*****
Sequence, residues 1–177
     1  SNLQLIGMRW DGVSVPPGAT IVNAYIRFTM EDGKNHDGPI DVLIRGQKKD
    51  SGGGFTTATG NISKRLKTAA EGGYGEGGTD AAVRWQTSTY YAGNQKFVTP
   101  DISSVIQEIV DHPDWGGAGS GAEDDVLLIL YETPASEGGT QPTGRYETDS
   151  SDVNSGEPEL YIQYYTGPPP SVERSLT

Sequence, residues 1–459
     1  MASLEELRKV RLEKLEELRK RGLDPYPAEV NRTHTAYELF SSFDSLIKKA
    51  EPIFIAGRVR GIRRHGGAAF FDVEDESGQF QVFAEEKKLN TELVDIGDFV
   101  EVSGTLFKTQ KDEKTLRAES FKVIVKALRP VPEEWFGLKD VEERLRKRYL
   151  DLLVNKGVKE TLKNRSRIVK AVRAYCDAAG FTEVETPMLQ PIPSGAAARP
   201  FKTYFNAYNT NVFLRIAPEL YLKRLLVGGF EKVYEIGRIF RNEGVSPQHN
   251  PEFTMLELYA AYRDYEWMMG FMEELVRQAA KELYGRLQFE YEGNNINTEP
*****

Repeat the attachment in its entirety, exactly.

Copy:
Sequence, residues 1–177
     1  SNLQLIGMRW DGVSVPPGAT IVNAYIRFTM EDGKNHDGPI DVLIRGQKKD
    51  SGGGFTTATG NISKRLKTAA EGGYGEGGTD AAVRWQTSTY YAGNQKFVTP
   101  DISSVIQEIV DHPDWGGAGS GAEDDVLLIL YETPASEGGT QPTGRYETDS
   151  SDVNSGEPEL YIQYYTGPPP SVERSLT

Sequence, residues 1–459
     1  MASLEELRKV RLEKLEELRK RGLDPYPAEV NRTHTAYELF SSFDSLIKKA
    51  EPIFIAGRVR GIRRHGGAAF FDVEDESGQF QVFAEEKKLN TELVDIGDFV
   101  EVSGTLFKTQ KDEKTLRAES FKVIVKALRP VPEEWFGLKD VEERLRKRYL
   151  DLLVNKGVKE TLKNRSRIVK AVRAYCDAAG FTEVETPMLQ PIPSGAAARP
   201  FKTYFNAYNT NVFLRIAPEL YLKRLLVGGF EKVYEIGRIF RNEGVSPQHN
   251  PEFTMLELYA AYRDYEWMMG FMEELVRQAA KELYGRLQFE YEGNNINTEP